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In this article I continue my critique of some foods that are commonly eaten as a replacement for a complete meal in India.

Why would a food safety writer bother about this? After all, I am not a nutrition or general health writer.

I do not critique poor nutrition foods that are eaten as a part of a meal. My criticism is usually reserved for nutritionally poor or unbalanced foods that are eaten frequently as a replacement for an entire meal.

Frequent consumption of such nutritionally inadequate meals is a food safety issue, because it leads to malnutrition in children and metabolic disease in adults.

India is already called by some as the “diabetes capital of the world”. The replacement of complete meals by such foods are causing an epidemic of metabolic disease.

Poor nutrition is a food safety issue.

What makes it worse is that the popular media does not paint these foods as the junk foods that they are. Just because they are “traditional” foods or “home made”, does not mean that they are not junk foods.

Almost all that the mainstream media and many nutritionists say about “junk food” in the Indian context is wrong.

Here are some foods that you normally do not consider as junk food, but are exactly that from a nutritional perspective and also from a HSSF (high sugar, salt and fats) perspective –

Bread and Jam sandwiches – Poor macro and micro nutrient profile . High glycemic load. Too much sugar.
Cornflakes – Poor macro and micro nutrient profile. High glycemic load. Too much sugar added to the milk and not enough milk.
Poha – Poor macro and micro nutrient profile. High glycemic load.
Upma – Poor macro and micro nutrient profile. High glycemic load.
Vegetable pulao – Poor macro and micro nutrient profile. High glycemic load.
French fries – Poor macro and micro nutrient profile. High glycemic load. high salt. Toxicity from oxidised PUFA in vegetable oil.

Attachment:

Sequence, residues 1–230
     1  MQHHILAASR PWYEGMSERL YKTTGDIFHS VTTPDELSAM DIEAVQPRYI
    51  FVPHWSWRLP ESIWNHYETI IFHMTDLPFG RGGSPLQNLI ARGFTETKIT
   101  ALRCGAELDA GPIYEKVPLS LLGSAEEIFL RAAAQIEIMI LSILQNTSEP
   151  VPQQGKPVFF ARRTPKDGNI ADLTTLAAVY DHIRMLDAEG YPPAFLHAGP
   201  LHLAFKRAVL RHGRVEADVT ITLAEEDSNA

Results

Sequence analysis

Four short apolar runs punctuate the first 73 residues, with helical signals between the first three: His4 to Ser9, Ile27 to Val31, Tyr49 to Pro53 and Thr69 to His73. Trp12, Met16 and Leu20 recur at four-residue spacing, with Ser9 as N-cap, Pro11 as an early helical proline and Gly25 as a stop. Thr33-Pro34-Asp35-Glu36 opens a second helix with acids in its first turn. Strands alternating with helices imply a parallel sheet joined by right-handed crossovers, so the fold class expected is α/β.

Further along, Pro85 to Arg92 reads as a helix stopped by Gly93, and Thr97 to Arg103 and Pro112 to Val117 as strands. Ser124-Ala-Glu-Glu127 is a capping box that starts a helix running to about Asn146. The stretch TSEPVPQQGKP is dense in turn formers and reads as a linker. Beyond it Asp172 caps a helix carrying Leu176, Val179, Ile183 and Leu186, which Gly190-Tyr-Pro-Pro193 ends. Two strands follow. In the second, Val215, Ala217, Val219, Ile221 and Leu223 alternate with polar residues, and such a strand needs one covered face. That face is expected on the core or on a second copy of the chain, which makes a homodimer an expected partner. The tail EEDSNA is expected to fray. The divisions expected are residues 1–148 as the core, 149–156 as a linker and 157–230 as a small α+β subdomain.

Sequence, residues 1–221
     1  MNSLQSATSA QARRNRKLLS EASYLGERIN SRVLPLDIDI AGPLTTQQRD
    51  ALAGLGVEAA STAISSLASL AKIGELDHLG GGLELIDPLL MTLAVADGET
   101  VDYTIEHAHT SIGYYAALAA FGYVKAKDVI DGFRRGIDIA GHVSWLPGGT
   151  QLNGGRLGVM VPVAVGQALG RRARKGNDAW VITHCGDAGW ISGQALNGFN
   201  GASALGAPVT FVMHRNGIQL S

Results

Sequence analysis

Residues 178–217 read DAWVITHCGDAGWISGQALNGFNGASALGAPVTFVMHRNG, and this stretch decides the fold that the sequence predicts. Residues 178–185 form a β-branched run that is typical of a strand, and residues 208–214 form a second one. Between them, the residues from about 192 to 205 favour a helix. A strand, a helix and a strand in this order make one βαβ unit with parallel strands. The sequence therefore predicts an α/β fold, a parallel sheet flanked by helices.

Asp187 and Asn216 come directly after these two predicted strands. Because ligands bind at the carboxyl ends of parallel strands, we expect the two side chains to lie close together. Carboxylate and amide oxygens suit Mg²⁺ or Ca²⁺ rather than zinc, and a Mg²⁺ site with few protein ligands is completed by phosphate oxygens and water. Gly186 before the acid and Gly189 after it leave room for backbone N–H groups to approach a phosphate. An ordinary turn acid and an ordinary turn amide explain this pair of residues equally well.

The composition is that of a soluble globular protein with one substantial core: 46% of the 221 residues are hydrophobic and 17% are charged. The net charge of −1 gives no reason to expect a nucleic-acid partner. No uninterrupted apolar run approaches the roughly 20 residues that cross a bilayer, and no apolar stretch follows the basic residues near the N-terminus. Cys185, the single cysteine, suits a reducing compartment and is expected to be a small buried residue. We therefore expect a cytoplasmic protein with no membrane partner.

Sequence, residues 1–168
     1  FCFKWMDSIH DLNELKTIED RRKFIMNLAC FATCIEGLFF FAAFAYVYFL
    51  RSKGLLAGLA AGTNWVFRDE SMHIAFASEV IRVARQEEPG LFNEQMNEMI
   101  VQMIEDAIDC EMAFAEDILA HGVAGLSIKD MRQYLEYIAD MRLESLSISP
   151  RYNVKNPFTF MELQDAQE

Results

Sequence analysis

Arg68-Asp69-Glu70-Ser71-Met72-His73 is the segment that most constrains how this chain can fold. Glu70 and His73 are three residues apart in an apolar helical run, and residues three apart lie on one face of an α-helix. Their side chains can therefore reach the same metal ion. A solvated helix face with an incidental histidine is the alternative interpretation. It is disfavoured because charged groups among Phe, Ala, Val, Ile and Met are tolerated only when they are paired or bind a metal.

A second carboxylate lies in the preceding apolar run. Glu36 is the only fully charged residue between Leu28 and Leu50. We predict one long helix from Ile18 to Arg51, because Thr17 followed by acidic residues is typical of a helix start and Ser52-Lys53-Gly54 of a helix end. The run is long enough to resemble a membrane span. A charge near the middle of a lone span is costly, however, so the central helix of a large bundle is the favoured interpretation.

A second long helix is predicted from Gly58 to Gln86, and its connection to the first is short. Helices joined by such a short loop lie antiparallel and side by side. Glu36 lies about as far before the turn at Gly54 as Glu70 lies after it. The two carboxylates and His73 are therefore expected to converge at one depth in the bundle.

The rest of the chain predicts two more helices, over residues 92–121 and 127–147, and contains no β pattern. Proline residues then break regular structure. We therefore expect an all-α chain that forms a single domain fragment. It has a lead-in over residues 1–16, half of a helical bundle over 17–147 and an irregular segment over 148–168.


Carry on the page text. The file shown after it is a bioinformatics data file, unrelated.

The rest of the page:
Potato chips – Poor macro and micro nutrient profile. High glycemic load. high salt. Toxicity from oxidised PUFA in vegetable oil.
Most fried namkeens – Poor micro nutrient profile. high salt. Toxicity from oxidised PUFA in vegetable oil.
Samosas – Poor macro and micro nutrient profile. High glycemic load. high salt. Toxicity from oxidised PUFA in vegetable oil.
Kachodis – Poor macro and micro nutrient profile. High glycemic load. high salt. Toxicity from oxidised PUFA in vegetable oil.
Chapatis/Parathas with aloo sabzi – Poor macro and micro nutrient profile. High glycemic load.

Many people think that a very cheesy pizza is junk food. On the contrary, a very cheesy pizza with a lot of varied veggie toppings is a pretty healthy meal, unlike the items in the list above.

Ditto for a meat or egg burger with a lot of lettuce or a salad on the side – that would be very healthy too. But don’t touch the Pepsi or Coke when you eat them. That would make the meal unhealthy from the huge sugar and salt addition. Drink water instead.

Write and send some other common meal or dish names in the comments below, or to my facebook handle (@Dushyant Krishnan), and I will critique them for you. I may also tell you how you can easily modify some of the dishes to make them nutritious.

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